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Mr. GOODLATTE. I thank the gentlewoman from North Carolina for yielding me this time.
Mr. Speaker, I believe in enforcing our Nation's antitrust laws. And this bill has been improved since Judiciary Committee consideration. However, this legislation is still flawed, and in my opinion is meant to distract attention away from the fact that the majority is not working on the real issues the American people want us to address. Americans want policies that will reduce premiums and increase the quality of health care services in the U.S. Unfortunately, it is questionable whether this bill will accomplish these goals.
I am also very disappointed in the rule for this bill, which was closed from the beginning, and blocks well-intentioned amendments offered by Republicans to make the bill better. Specifically, an amendment was offered by Representative DAN LUNGREN, a fellow member of the Judiciary Committee, to allow small health insurance companies to continue to be able to share historic loss data so that they can compete with big insurance companies. Under the text of the current bill, this type of sharing would be illegal, which would hinder new and smaller companies from entering the market, competing with the big guys, and offering lower premiums.
The shocking thing is that this amendment was actually adopted in the Judiciary Committee on a bipartisan basis. The provision was then stripped by the majority in this new bill. So stifling this amendment today represents the second time the majority has blocked Representative LUNGREN's amendment, which had bipartisan support, and which would have likely reduced health care premiums for citizens.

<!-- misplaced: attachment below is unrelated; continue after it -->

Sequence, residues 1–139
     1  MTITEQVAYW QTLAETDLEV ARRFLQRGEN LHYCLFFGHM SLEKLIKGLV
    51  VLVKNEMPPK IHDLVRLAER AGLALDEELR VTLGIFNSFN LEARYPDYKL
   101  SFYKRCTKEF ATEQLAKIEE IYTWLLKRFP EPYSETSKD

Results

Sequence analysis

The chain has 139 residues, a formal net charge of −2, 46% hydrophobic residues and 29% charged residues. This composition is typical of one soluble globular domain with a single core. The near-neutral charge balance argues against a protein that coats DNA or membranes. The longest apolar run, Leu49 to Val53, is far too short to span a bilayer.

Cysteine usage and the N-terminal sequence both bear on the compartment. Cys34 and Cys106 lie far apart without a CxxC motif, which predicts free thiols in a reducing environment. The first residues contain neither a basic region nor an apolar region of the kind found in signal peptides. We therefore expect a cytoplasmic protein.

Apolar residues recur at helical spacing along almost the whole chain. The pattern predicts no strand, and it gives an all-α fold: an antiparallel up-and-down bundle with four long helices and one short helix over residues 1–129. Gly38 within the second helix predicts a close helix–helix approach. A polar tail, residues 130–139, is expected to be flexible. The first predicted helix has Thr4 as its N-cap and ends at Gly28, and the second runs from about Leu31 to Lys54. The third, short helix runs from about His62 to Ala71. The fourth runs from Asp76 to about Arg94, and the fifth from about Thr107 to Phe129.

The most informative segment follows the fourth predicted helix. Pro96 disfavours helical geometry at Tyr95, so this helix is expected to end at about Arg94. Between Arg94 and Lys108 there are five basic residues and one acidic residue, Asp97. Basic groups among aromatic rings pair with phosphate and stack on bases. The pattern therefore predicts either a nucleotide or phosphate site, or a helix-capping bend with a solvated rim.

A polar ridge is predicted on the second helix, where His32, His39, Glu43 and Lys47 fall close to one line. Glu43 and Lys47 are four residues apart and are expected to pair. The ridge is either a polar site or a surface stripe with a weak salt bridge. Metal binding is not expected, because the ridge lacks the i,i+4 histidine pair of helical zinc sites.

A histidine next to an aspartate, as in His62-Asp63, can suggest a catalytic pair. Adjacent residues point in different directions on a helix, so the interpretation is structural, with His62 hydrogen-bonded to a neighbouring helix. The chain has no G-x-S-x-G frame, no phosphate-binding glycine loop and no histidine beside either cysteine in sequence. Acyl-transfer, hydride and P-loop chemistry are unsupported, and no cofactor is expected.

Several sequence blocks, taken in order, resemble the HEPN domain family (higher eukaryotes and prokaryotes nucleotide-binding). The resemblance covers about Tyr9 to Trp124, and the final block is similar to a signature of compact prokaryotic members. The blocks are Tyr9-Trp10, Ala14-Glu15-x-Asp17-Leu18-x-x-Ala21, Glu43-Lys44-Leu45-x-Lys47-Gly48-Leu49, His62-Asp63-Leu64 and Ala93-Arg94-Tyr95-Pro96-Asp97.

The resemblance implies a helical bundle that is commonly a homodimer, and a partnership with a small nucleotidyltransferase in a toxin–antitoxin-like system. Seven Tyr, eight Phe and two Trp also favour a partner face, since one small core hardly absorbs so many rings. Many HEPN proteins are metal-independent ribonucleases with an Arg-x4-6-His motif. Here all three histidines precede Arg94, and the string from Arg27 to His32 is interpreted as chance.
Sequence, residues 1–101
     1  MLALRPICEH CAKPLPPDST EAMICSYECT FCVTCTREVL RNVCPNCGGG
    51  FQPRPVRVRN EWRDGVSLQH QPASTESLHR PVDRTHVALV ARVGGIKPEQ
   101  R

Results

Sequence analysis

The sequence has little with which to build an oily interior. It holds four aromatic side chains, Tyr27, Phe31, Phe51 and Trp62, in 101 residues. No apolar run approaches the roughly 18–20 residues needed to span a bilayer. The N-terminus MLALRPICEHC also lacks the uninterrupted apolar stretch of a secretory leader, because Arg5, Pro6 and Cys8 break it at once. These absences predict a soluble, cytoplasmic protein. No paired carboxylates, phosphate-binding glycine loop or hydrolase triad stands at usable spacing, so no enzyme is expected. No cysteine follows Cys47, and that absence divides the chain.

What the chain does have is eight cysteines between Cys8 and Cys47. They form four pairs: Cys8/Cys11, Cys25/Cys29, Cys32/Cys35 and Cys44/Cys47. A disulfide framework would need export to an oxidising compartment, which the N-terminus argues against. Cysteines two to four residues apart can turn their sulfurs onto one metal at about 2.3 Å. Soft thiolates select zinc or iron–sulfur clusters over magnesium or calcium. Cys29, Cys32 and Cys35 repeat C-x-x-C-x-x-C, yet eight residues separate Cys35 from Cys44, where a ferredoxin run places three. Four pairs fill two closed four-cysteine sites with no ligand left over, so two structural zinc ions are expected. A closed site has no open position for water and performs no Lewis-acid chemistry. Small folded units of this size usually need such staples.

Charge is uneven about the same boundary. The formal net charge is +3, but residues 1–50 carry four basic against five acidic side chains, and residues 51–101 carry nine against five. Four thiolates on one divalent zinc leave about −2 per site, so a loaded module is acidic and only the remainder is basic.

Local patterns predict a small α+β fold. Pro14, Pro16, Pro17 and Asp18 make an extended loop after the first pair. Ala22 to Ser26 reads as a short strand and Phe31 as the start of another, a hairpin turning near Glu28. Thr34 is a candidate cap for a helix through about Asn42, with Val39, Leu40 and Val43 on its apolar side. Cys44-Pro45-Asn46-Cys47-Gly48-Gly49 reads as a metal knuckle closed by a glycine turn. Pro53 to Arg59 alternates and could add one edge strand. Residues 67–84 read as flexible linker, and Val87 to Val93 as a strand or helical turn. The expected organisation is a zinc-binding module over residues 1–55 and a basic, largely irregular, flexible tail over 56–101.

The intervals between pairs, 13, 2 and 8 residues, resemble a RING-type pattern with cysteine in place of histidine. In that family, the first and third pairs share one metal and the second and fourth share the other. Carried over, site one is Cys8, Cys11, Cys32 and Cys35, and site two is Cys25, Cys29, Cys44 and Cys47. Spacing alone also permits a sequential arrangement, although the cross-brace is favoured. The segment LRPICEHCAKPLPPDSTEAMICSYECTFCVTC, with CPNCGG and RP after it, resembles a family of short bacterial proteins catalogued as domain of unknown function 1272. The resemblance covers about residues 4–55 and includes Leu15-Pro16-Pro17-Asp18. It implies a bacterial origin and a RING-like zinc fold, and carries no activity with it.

Instead of bringing flawed legislation to the floor, we should be working together to pass real reforms, like legislation to allow citizens to take their health insurance across State lines if they move, legislation to help those with preexisting conditions find affordable coverage, and legislation to curb frivolous lawsuits against doctors, which drive up health insurance premiums and provide increased costs due to defensive medicine.
The American medical liability system is broken. According to one study, 40 percent of claims are meritless: either no injury or no error occurred. Attorneys' fees and administrative costs amount to 54 percent of the compensation paid to plaintiffs. The study found that completely meritless claims, which are nonetheless successful approximately one in four times, account for nearly a quarter of total administrative costs.
Defensive medicine is widely practiced and costly. Skyrocketing medical liability insurance rates have distorted the practice of medicine. Costly but unnecessary tests have become routine, as doctors try to protect themselves from lawsuits. According to a 2008 survey conducted by the Massachusetts Medical Society, 83 percent of physicians reported that they practiced defensive medicine. Another study in Pennsylvania put the figure at 93 percent. While estimates vary, the Pacific Research Institute has put the cost of defensive medicine at $124 billion. Others have arrived at even higher figures.
I urge my colleagues to oppose this rule.
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We should be working to eliminate these hundreds of billions of dollars of waste from our medical system in order to drive down premiums to make health care more affordable. We should be working to help those with preexisting conditions get affordable coverage. Unfortunately, we are doing neither today. We can do better.
Mr. Speaker, while I may vote for this bill it could have been made better by an open rule and the allowance of the Lungren amendment. But this bill is hardly a cure all and there is so much more we could do if the majority would open up the health insurance process to good proposals that the American people support.
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